Performance Management in the New Era

by Jody Ordioni

There have been a great many debates that try to reach a conclusion on how to best measure an individual’s progress in the organization. It started nearly five years back when the stalwarts in the performance management industry decided to do away with the traditional methods to measure performance. The ineffectiveness of the traditional route was chalked up to the failure of the rating system. With further thoughts and deliberations there has been an evolving concern that the deficiencies of performance management extend beyond the simply eliminating or restructuring the established rating system.

The discussion undertaken in the past five years has helped arrive at two definitive conclusions. Firstly, it has brought to the fore the discussion on what the organization hopes to gain by measuring the performance of the individuals, as well the employees themselves stand to benefit from such an evaluation. Secondly, it helps to understand the topic of performance management in broader terms such as behavior of the employee in the organization, motivation of employees, their engagement and recognition. This understanding helps to contextualize the subject in a broader sense of management and helps open more avenues for dialogue and development.

This period of development has also been important because there has been a change in the process of restructuring- discarding ratings is not the absolute reformative measure rather there is a focus on evidence-based study to support the change. A few key components have emerged when considering measurement, management, and rewarding the potential and behavior of employees within the organization. A more in-depth evaluation and contemplation is necessary than just debates for management to succeed and go beyond annual evaluation. The process of performance management should not weigh down the administrative unit and should not instill in them a dislike for feedback.

Feedback is a Crucial Step to Enhance Performance and Facilitate Development

Human beings thrive on constructive feedback, however unsolicited feedback signals the alarm bells in the social sphere of human brain. Most of the relevant feedback reaches employees through the leaders and managers. If the managers are unable to provide employees with feedback that is a balance of constructive and positive, then replacing annual evaluation with better models will yield no results. The obstacle to overcome is not the initiation of a institute that allows dialogue, however, the success of any such model definitely depends on the deliverance by the managerial unit.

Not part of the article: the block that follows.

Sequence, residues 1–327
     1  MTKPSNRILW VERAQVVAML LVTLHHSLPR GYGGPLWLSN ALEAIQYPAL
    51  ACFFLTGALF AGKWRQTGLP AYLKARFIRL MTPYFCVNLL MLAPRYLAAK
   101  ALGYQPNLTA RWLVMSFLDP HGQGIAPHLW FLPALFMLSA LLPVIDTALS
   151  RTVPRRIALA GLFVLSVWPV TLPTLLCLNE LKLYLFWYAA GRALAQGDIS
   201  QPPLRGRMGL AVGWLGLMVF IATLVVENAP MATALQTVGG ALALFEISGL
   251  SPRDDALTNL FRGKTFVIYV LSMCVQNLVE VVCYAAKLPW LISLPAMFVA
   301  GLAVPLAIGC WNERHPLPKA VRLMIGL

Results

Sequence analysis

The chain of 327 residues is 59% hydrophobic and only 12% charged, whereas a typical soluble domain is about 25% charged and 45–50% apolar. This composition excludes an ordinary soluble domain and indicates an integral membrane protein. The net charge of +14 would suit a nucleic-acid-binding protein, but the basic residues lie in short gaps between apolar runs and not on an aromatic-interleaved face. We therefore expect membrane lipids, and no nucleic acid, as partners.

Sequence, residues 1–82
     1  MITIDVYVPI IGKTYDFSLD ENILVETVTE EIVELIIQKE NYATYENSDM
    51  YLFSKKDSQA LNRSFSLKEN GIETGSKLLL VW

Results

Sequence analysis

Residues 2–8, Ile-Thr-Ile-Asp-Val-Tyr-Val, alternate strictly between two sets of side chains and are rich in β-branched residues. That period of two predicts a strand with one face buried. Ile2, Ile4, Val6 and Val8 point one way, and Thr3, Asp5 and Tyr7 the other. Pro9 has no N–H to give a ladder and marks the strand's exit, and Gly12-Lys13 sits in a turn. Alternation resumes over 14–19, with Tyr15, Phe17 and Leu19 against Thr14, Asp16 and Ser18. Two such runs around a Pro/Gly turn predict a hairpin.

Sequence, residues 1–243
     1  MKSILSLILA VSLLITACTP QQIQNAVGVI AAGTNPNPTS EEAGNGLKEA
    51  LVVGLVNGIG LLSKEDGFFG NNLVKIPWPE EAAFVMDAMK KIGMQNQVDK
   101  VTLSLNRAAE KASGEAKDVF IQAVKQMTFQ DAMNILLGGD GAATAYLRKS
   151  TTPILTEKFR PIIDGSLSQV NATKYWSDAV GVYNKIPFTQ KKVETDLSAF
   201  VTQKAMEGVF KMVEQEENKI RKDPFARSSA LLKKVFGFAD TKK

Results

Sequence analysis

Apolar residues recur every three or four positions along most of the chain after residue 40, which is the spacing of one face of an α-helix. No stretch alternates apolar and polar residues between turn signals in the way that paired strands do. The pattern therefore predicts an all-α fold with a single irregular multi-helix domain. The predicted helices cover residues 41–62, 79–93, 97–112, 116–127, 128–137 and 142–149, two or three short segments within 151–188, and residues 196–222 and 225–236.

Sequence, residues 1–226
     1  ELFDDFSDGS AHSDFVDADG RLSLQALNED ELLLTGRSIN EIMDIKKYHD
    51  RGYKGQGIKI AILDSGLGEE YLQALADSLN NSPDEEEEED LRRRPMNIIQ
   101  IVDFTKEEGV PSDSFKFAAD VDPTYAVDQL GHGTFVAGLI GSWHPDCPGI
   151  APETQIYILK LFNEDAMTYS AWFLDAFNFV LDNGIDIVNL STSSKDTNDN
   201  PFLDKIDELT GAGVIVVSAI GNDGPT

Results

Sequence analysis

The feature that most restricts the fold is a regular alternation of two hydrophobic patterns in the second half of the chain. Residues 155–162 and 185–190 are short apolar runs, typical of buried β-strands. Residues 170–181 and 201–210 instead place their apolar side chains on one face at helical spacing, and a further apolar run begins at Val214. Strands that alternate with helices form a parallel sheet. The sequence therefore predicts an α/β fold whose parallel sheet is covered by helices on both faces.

Since employee preferences and experiences are important, there is a need for existence of soft skills in the leadership. This skill is based on the technique of tactfully saying the necessary. It is important for the leadership to be aware of their shortcomings and emotional intelligence. Leaders need to check their own biases and put in effort to know the employees to provide constructive criticism. Just as feedback is an important aspect of an employee’s growth, it is necessary for the organization to understand its shortcomings. The value of feedback is incomparable, and companies should encourage employees to provide them with feedback as well.

If there is No Measurement, there is No Improvement

The platform of performance management also encompasses within itself other human resources endeavors, such as systems of compensation, workforce planning, decisions regarding promotions, and legal patterns. Changes in the sphere of performance are not possible, since they are strongly under the influence of shifting demographics in the workplace. Any shift in the performance sphere leads to a significant change in the cultural sphere of the organization.

Compiling different data inputs from the talent pool, for example the nature of ratings, attrition rate of top-performing employees, connections between engagement and employee performance etc., can be useful in providing valuable insights to decide the approach for tackling performance management. Data inputs should be kept an eye on continuously for growth and correction. The process of measurement is crucial for improvement in any organization.

Leadership’s Ability to Adapt and Sustain

If changes in talent management are to run over smoothly, the contribution of the leadership to their sustenance cannot be taken lightly. According to a research report in Harvard Business Review, after the initial excitement of aspirational business models fails away, most of the leadership rolls into the destructive and old practices. New models for performance management rely heavily on recognition, coaching, building trust, and transparency. To succeed, these components need to be applied; their application is only possible when the leadership does away with its old customs and traditions of thought and communication.

The leadership needs to be agile and learn the new methods of measurements. While technology is useful, too much reliance on technology leads to a deterioration in personal interactions that are key to new performance management methods. The handling of change by managers can be indicative of the measure of success that will follow.

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